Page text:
It is never too late to congratulate the African and African American writers who have contributed greatly to our thought and literature. African American history is definitely American history…
One in particular is Phyllis Wheatley. I remember being taught about her while I was in elementary school and that was long ago. But here are some brief points about Phyllis Whealey.
- Phyllis was the first African American poet to be published.
- Born 1753 in Gambia
- Has been a slave since she was 7 but,
- Was emancipated from her owners once she reached publication success
- Even George Washington praised her work
- Sadly, she and her husband- a free black man tried to have children- both children died.
- When she was pregnant with her third, her husband leaves her.
- She dies during childbirth at the age of 31.
Want to learn more about Phyllis Wheatley and read one of her poems? Head to The Biography of Phyllis Wheatley.
Phyllis Wheatley wrote poems about religion and morality
Let’s try and gauge what Phyllis was trying to say in this poem, “On Being Brought From Africa to America”
Twas mercy brought me from my Pagan land,
Taught my benighted soul to understand
That there’s a God, that there’s a Saviour too:
Once I redemption neither sought nor knew.
Some view our sable race with scornful eye,
“Their colour is a diabolic dye.”
Remember, Christians, Negroes, black as Cain,
May be refin’d, and join th’ angelic train.´
I am not much of a scholar , but when Wheatley writes “Twas mercy brought me from my Pagan land” all I can think is that Africans had a very different belief system than what were taught to them in America. Christianity according to the bible was not their native belief(according to my limited knowledge) in fact, paganism, Shamanism may have been what Wheatley was referring to. Not saying Africa was bad or had evil folks, but after finding the Lord, she see her former land as Pagan- which can be any land really.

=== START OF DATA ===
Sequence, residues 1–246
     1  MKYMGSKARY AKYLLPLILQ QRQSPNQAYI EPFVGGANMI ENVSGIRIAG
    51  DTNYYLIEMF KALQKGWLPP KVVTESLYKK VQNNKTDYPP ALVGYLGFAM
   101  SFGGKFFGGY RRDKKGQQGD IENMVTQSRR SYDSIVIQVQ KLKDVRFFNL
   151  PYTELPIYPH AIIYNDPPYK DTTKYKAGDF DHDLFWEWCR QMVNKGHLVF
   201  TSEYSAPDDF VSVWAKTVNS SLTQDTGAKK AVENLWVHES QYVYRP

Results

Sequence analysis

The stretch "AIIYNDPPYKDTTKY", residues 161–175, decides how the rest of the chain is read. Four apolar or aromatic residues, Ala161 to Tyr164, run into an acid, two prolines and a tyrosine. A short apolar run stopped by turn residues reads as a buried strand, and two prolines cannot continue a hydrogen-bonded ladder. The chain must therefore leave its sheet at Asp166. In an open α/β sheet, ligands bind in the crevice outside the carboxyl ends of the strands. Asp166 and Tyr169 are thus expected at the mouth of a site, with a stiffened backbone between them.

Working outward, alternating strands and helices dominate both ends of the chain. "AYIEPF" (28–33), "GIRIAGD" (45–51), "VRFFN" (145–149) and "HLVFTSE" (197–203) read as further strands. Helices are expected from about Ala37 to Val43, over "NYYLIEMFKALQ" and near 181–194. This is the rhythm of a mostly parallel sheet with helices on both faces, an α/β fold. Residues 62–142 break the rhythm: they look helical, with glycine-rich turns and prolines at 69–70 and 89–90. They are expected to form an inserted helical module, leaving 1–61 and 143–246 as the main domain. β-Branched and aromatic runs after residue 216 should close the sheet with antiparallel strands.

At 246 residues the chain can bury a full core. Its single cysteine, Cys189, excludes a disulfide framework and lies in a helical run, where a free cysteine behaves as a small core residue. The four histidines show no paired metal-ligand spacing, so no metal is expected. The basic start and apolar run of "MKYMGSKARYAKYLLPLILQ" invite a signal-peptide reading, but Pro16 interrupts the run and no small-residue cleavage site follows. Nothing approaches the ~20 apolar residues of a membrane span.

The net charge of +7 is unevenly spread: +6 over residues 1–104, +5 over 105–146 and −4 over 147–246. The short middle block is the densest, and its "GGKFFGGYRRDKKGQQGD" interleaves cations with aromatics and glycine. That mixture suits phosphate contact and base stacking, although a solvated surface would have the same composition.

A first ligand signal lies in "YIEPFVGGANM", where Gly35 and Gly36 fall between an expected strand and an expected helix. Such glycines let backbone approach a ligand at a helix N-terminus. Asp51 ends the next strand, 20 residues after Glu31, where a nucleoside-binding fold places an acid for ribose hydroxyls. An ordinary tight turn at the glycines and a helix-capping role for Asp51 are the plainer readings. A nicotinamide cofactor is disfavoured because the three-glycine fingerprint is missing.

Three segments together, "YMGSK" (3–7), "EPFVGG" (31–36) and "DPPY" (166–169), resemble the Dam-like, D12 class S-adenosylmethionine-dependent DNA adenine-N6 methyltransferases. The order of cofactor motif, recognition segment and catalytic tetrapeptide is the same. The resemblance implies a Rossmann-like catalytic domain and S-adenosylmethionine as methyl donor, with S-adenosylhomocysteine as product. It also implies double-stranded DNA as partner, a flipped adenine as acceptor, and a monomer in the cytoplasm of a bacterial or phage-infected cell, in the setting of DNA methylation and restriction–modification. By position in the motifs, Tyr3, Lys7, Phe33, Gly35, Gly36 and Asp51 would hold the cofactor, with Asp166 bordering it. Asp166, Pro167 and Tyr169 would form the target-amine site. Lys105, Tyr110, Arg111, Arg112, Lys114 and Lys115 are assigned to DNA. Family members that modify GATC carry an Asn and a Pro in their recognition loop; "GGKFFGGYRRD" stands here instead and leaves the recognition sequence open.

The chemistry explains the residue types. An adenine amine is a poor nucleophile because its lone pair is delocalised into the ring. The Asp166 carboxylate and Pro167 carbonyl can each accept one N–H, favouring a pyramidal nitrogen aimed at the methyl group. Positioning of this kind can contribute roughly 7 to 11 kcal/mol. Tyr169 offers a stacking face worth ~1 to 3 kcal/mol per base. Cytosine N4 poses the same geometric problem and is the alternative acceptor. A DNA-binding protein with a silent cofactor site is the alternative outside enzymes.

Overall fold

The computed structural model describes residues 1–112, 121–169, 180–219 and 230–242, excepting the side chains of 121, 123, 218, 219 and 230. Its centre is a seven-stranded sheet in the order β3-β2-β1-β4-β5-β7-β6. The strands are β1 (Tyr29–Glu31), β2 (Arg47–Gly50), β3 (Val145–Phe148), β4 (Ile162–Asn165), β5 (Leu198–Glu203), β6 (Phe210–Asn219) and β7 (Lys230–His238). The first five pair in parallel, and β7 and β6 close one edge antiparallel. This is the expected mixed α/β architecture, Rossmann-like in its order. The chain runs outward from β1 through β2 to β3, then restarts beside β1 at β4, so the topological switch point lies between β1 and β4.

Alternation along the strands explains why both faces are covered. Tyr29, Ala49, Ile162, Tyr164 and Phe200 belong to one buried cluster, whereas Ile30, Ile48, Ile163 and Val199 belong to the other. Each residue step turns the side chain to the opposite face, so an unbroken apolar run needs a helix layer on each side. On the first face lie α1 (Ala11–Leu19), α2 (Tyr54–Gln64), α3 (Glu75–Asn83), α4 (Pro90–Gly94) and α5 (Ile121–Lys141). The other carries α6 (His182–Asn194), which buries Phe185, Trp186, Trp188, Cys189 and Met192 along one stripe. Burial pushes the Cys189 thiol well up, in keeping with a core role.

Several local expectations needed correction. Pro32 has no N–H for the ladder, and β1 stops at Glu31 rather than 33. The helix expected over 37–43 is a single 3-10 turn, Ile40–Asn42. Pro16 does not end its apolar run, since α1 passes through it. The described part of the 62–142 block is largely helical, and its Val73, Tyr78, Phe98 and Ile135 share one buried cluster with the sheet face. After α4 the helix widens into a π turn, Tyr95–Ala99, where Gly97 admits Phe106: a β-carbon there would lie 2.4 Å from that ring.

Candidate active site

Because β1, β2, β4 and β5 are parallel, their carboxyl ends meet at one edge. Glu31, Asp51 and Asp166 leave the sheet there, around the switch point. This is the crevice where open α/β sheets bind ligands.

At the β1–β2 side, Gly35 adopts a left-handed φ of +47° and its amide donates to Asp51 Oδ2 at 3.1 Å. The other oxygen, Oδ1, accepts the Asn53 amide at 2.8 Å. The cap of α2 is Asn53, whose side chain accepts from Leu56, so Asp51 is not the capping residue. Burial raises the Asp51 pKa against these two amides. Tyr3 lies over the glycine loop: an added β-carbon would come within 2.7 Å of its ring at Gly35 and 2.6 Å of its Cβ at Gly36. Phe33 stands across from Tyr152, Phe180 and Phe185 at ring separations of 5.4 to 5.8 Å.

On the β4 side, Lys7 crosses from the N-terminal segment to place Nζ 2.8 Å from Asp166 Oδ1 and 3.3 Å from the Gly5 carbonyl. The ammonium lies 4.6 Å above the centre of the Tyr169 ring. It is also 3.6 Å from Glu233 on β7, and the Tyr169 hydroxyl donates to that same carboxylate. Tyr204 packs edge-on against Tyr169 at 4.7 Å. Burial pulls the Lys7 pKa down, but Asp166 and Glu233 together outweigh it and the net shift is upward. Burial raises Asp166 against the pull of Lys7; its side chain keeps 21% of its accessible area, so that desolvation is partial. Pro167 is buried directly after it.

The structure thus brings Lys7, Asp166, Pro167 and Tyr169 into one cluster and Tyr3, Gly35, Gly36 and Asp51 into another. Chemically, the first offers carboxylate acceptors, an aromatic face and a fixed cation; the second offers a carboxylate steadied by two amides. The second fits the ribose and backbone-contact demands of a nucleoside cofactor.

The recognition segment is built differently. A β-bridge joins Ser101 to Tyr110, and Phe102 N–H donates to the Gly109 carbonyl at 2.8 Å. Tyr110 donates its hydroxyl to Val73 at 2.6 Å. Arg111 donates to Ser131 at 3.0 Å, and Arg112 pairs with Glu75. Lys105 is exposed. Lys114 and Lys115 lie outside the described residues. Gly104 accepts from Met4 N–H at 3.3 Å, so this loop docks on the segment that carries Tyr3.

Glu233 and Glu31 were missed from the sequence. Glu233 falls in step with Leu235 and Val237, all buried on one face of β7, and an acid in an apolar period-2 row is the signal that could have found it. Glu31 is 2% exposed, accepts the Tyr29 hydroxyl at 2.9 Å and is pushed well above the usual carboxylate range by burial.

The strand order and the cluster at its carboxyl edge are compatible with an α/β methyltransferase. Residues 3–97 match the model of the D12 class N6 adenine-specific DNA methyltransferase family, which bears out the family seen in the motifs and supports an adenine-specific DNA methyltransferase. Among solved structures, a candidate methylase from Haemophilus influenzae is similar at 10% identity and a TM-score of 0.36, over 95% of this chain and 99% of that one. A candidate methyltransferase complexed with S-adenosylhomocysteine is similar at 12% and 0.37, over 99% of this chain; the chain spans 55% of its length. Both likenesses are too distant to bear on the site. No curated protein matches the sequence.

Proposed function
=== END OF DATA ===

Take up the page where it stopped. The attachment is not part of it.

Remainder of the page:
It was a knowledge of holy redemption which she never knew. I keep saying she, but I am referring to Speaker of the poem.
Then the Speaker says, ” Remember Christians, Negroes, black as Cain” I am perplexed…what does the Speaker mean by Cain? Was Cain black? If you look for the Curse of Cain, you may some info there but beware there are some websites that promote hate instead of theoretical information. Some say his blackness was his mark but as usual, I am skeptical of all that.
Finally Wheatley poses a solution to getting rid of our paganism. Get “refined” so we may join in the “angelic train” or that ride up to heaven to be with the Lord.
I really enjoyed her rhyme scheme and rhythm for this poem, but the words make you pause and think for a moment. These are thoughts of a slave brought to America. Her own life seems dim-losing children and then husband leaves her but her poetry of hope and religion does still live on.
What other poems by Phyllis Wheatley or any other black poet have you read? Do share! 🙂